While the process to get the drug through the FDA was ongoing, research into its potential use as an anti-cancer drug was in process by leading cancer researchers Dr. Robert D’Amato and Dr. Judah Folkman. They were working on angiogenesis, the growth of blood vessels, and hoped that finding a way to inhibit it would allow the development of drugs to fight cancer, as well as several other diseases. It was thalidomide’s anti-angiogenic effects that caused the birth defects but also made it a perfect candidate from D’Amato and Folkman’s research. Subsequent study found that the drug is also very effective against multiple myeloma, a difficult to treat cancer that attacks the plasma cells in the blood. In July 1998, after a long and spirited debate and heartfelt stories from both victims of thalidomide and those helped by it, the Celgene drug --Thalimid was approved by the FDA under the condition that patients are carefully monitored and extensive safeguards enacted to prevent pregnant women from taking thalidomide. Once in use, the benefits of thalidomide analogues in resetting the immune system to reduce tumor growth, became apparent. It launched a whole new field of treatments and the introduction of several new medicines. New uses, especially for rare autoimmune conditions, are still being discovered, even as old ones are sometimes superceded. In its current usages, the drug has benefited millions of patients around the world.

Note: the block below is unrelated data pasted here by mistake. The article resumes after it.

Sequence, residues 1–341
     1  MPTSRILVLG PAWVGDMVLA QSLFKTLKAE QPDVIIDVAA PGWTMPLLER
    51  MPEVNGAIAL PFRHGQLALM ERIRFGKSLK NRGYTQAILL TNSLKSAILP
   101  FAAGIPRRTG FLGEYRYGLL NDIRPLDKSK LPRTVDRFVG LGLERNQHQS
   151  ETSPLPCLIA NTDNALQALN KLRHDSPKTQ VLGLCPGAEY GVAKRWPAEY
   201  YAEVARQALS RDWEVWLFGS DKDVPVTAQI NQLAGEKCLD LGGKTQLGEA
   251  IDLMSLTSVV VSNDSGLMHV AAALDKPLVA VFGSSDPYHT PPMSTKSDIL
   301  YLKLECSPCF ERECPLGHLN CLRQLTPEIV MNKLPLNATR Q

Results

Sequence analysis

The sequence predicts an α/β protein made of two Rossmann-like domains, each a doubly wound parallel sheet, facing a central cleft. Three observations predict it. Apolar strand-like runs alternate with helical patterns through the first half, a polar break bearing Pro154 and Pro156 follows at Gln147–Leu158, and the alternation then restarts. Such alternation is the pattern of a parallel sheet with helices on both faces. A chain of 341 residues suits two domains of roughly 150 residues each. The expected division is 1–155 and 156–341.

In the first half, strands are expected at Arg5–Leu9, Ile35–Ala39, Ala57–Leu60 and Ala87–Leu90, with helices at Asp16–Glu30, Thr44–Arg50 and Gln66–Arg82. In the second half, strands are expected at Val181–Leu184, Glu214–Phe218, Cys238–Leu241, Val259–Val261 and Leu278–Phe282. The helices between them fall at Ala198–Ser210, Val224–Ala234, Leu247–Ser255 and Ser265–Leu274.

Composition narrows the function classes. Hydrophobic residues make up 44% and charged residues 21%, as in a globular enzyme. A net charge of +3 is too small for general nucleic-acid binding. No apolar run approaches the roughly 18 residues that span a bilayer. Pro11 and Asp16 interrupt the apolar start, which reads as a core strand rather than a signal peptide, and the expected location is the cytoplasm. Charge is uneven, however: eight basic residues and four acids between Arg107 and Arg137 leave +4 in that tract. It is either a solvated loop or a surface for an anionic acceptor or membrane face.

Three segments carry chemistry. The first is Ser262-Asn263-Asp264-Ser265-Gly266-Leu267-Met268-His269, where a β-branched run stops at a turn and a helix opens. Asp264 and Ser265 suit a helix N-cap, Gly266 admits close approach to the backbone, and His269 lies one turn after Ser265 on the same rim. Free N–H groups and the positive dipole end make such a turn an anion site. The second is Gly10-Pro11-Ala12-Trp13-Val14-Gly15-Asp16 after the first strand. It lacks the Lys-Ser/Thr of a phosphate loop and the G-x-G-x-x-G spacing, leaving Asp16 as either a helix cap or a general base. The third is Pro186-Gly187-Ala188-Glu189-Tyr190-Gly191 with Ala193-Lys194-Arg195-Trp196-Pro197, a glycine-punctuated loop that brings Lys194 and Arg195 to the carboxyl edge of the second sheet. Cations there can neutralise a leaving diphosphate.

The thalidomide story is a many told tale: Each year millions of people suffer because fearmongers invoke the handful of side effects or deaths from the use of a medicine. Indeed, the number of adverse events from drugs as a percentage of all prescriptions did not change after the 1962 amendments. The number of withdrawals as a percentage of all medicines has remained the same. FDA regulation is a very expensive tranquilizer to calm the nerves of the public. We have more expensive medicines, fewer new medicines for specific groups of patients and less competition.
Enshrining Francis Kelsey as a hero is a ritual detached from the truth. It is an exercise designed to reinforce the precautionary approach that has slowed down the development and use of medical innovations for over 50 years.